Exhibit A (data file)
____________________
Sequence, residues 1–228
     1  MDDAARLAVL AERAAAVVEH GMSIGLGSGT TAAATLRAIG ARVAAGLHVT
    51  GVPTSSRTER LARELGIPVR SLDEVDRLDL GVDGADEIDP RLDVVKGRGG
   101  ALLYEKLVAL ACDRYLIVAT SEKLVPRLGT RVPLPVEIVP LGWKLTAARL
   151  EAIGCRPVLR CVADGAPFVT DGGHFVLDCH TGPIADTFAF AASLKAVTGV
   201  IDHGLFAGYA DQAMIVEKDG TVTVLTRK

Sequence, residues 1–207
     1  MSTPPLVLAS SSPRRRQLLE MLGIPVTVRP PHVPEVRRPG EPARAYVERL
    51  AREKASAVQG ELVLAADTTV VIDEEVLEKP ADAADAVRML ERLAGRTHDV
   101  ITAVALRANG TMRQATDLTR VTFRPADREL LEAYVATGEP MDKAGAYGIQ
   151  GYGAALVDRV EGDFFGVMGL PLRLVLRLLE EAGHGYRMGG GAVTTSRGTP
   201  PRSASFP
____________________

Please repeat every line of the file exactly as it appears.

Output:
Sequence, residues 1–228
     1  MDDAARLAVL AERAAAVVEH GMSIGLGSGT TAAATLRAIG ARVAAGLHVT
    51  GVPTSSRTER LARELGIPVR SLDEVDRLDL GVDGADEIDP RLDVVKGRGG
   101  ALLYEKLVAL ACDRYLIVAT SEKLVPRLGT RVPLPVEIVP LGWKLTAARL
   151  EAIGCRPVLR CVADGAPFVT DGGHFVLDCH TGPIADTFAF AASLKAVTGV
   201  IDHGLFAGYA DQAMIVEKDG TVTVLTRK

Sequence, residues 1–207
     1  MSTPPLVLAS SSPRRRQLLE MLGIPVTVRP PHVPEVRRPG EPARAYVERL
    51  AREKASAVQG ELVLAADTTV VIDEEVLEKP ADAADAVRML ERLAGRTHDV
   101  ITAVALRANG TMRQATDLTR VTFRPADREL LEAYVATGEP MDKAGAYGIQ
   151  GYGAALVDRV EGDFFGVMGL PLRLVLRLLE EAGHGYRMGG GAVTTSRGTP
   201  PRSASFP